The Pride of the Buckeyes

| May 19, 2009 | 0 Comments

'The Pride of the Buckeyes' documentary poster.

‘The Pride of the Buckeyes’ documentary poster.

WOSU’s documentary about The Ohio State University Marching Band, The Pride of the Buckeyes, premiered on WOSU TV in 2006. WOSU is re-showing it on June 3, 2009, 8pm, and the only way you can get a copy of the show is to watch it. Here’s what you’ll see.

Tap. Tap. Tap.
It might be a verbal cue, chanted during The Ohio State University Marching Band practices, or the sound of nervous horn players’ feet on game day, or director Jon R. Woods’ baton against a music stand cradling “Carmen Ohio.”

Tap. Tap. Tap.
In this case, it belongs to a snare drummer who offers the cadence as both a cue for action and the beat of the upcoming number. For “Ramp,” which is the first thing that most frenzied OSU fans hear in Ohio Stadium on Saturdays, the three taps come at a rate of 180 per minute, or three per second.

To get that precisely right, a single drummer will watch the stadium clock, second by second, tapping along at three per second—softly at first, and then much louder. The beat is passed to the rest of the percussionists, and then to the rest of the band. (To get the best view of this, head to the north stands at least 20 minutes before kickoff.)

The “Ramp Entrance” was first performed in 1928, “Script Ohio” in 1936. Aside from personnel changes, these routines have been played almost exactly the same way every game, every year. Tap. Tap. Tap.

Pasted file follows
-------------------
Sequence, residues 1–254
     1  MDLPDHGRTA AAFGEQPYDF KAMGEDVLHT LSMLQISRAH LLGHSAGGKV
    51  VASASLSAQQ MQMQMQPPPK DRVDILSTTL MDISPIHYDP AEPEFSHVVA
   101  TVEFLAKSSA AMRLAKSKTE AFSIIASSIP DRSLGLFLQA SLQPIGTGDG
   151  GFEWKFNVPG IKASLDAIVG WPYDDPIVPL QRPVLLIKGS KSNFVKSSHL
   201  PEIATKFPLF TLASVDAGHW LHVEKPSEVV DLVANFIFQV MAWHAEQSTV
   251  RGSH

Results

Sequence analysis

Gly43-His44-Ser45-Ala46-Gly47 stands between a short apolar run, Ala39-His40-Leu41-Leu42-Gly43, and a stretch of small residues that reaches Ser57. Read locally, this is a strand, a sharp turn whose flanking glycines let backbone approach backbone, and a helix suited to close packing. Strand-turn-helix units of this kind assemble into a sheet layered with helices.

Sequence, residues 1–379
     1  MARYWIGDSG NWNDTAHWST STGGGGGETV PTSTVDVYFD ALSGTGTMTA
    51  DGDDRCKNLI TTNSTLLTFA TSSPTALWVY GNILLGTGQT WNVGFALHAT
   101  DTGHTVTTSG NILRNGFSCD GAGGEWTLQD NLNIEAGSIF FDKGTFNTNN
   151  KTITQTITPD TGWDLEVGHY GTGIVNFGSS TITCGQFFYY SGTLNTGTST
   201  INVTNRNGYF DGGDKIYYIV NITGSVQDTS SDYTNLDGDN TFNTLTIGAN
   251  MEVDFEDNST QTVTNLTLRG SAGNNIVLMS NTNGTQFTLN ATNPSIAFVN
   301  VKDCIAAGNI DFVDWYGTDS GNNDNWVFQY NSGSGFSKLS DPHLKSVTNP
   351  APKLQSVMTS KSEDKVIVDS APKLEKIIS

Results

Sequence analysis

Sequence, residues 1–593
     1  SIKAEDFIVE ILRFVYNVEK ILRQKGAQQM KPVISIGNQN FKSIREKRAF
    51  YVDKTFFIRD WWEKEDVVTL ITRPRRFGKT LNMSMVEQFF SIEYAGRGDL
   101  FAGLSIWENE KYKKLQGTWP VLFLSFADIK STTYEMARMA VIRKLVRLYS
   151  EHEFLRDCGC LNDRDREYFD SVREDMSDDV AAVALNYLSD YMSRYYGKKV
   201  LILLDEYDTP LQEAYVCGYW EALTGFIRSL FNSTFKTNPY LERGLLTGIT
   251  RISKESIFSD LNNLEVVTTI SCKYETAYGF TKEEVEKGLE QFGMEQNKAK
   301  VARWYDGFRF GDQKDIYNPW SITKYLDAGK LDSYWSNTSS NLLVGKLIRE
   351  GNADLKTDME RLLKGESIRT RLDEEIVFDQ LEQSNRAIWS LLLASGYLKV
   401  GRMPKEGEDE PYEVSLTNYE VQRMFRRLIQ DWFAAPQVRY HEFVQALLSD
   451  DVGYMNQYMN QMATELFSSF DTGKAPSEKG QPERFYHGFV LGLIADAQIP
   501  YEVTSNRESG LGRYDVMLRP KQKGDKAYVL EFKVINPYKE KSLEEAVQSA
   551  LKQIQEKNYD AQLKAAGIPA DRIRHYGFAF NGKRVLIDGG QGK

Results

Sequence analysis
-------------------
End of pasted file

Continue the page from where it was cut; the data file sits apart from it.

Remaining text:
If you want to be in the OSUMB, you must sign up for Music 205.01, a 2-credit-hour summer class. Nobody on campus works harder for two credits.

Under a blazing sun, atop old Astroturf that mercilessly reflects the heat, Summer Session begins, the first of many long workouts. There, would-be band members, all wearing shorts and wielding instruments, subject themselves to grueling practices led by veteran band members known as “squad leaders.”

Summer Session is not a tryout. This is the tryout before the tryouts. Musicians new to the band’s style of marching, or even returning band members who are shaking off months of rust, practice turning square corners, driving down the field, and “8 to 5,” which is not a reference to hours, but to the standard marching step that covers exactly five yards in eight steps.